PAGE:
Long bike rides can do wonders for you mentally. There’s a meditative component to zooming along a country road—you take in the beauty of the countryside, smelling the fresh outdoor air as you cut through the wind and soak up some vitamin D.
Your mind wanders casually from here to there. Nothing particularly sticks as a topic of focus but you don’t have a responsibility to be thinking about anything other than road safety and maintaining (what you would consider) a reasonable pace, so you let your thoughts meander. You start to notice a particular song playing in the background of your mind but don’t pay much attention to it.
Maybe it’s an old classic or something from an album you’ve been playing or repeat. Maybe it’s even an ad jingle or a weird sound bite from a TikTok. Regardless, as your thoughts continue to flutter from place to place, the song plays consistently. You’re half an hour into a few lines of the chorus repeating over and over again in your brain and the quality of the ride is really starting to deteriorate.
How do you get this earworm out of your head?
Don’t think about white bears
Ironic process theory, or the white bear problem helps to explain what not to do when trying to get an earworm out of your head.
In Winter Notes on Summer Impressions, Dostoevsky famously said: “Try to pose for yourself this task: not to think of a polar bear, and you will see that the cursed thing will come to mind every minute.”
Deliberate attempts to suppress certain thoughts, in this case earworms, make them more likely to surface. Attempting to not think about a white bear, or a song, can result in the song becoming even more present in your mind. Try your best to relax and accept the music, as stressing about not thinking of the song can worsen the earworm.
Often, listening to the song itself will cure an earworm. Unfortunately that’s not always an option when you’re in the middle of a ride.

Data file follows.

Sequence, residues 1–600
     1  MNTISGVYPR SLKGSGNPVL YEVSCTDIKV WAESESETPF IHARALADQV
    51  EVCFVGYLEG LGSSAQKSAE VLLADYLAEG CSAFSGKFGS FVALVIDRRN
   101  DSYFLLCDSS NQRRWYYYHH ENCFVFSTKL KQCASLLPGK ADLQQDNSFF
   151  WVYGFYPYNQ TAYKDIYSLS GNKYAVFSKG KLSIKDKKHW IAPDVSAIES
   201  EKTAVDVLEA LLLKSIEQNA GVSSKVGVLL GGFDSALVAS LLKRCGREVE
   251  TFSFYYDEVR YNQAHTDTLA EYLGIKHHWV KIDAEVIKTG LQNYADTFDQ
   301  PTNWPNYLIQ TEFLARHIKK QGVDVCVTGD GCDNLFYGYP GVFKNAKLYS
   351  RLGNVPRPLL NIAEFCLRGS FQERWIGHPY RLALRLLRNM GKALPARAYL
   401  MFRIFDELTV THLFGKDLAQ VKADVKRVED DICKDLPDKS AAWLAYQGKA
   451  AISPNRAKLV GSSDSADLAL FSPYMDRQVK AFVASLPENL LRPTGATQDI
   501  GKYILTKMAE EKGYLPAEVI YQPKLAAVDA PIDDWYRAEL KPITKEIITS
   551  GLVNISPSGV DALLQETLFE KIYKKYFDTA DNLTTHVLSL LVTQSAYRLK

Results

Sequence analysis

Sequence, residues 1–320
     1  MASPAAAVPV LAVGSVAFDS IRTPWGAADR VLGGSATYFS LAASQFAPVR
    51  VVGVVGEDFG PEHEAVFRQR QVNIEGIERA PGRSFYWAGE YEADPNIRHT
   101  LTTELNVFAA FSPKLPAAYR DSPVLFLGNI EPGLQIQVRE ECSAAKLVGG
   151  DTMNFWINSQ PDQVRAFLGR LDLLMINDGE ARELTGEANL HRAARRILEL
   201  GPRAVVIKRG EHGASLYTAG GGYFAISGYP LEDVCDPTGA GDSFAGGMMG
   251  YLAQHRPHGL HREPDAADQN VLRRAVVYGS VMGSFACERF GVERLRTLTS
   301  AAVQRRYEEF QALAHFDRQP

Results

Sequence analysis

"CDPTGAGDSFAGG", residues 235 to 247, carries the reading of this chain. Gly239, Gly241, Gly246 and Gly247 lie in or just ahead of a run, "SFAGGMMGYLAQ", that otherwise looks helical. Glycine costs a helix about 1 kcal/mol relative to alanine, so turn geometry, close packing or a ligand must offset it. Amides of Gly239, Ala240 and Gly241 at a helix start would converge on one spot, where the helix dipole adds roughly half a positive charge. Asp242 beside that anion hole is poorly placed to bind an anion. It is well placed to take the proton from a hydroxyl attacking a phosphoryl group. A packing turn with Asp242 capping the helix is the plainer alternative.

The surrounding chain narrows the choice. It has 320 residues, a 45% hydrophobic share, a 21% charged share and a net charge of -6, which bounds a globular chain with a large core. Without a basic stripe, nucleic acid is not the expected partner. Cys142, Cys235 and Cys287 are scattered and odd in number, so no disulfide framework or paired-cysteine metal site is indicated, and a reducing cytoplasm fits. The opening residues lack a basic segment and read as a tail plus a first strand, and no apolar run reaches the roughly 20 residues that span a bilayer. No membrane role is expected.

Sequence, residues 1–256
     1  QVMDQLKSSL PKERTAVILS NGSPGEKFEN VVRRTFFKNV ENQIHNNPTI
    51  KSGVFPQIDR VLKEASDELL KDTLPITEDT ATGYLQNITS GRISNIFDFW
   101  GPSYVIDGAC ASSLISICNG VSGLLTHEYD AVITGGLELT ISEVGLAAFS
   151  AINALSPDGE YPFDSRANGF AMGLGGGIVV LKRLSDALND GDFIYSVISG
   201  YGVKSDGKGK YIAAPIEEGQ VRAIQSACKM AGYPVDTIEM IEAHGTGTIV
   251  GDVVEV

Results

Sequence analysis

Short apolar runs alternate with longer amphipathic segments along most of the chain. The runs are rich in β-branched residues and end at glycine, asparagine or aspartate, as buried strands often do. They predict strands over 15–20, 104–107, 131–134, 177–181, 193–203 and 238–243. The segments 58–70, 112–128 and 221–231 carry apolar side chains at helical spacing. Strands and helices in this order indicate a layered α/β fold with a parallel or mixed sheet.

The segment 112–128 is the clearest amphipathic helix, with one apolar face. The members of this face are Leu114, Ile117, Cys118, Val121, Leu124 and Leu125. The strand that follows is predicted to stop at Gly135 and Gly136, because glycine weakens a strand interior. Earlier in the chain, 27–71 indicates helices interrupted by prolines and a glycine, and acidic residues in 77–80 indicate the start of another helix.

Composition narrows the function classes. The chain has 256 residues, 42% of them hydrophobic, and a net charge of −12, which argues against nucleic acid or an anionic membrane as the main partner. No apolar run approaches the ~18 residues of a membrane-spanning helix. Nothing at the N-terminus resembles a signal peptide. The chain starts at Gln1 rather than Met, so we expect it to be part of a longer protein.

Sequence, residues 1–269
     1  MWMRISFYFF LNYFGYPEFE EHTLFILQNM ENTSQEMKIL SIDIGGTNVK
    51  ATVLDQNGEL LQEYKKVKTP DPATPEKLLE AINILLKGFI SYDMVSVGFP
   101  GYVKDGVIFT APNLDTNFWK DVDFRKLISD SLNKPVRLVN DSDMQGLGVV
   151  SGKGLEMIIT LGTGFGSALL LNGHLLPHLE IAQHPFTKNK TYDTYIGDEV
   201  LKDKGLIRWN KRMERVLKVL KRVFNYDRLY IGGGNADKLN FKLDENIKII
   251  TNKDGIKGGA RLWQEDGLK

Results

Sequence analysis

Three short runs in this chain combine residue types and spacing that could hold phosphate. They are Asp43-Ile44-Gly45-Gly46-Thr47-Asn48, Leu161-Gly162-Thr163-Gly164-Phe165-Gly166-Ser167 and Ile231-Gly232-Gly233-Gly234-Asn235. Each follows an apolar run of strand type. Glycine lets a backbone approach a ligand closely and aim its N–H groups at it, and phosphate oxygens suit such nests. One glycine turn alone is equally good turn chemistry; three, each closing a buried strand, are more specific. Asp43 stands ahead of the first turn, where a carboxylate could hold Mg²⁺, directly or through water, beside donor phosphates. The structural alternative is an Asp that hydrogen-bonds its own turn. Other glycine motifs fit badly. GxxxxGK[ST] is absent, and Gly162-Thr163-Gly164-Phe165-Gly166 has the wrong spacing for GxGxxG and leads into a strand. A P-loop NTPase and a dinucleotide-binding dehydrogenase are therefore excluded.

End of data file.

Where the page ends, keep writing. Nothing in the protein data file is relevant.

As an alternative, one study found that sometimes ‘cure tunes’ can be used as a kind of musical distraction, used to neutralize an earworm. The researchers, who were surveying Finnish and British participants, found that some songs were common ‘cure tunes’ among participants. “Happy Birthday to You,” “God Save the Queen”, “Sledgehammer” by Peter Gabriel, “Kashmir” by Led Zeppelin, and “Karma Chameleon” by Culture Club all came up repeatedly. The tunes are all songs that the listeners enjoyed or felt neutral about that were also catchy themselves.
Psychology research has repeatedly found that human brains are not great at multitasking. Fortunately, this can be used to your advantage if you’re trying to get that sticky song out of your head. Off the bike, things like completing a crossword puzzle, watching TV or reading will all be distracting enough to get your mind off the song.
On the bike, you’re more limited in terms of distracting activities. Try doing some mental calculations—figure out how many kilometres you have left on your ride and how long it will take you to get home going at various speeds.
Probably the best way to distract yourself on the bike is by doing a hard effort. Get that song out of your head and get in a bit of extra training stress, really it’s a win-win.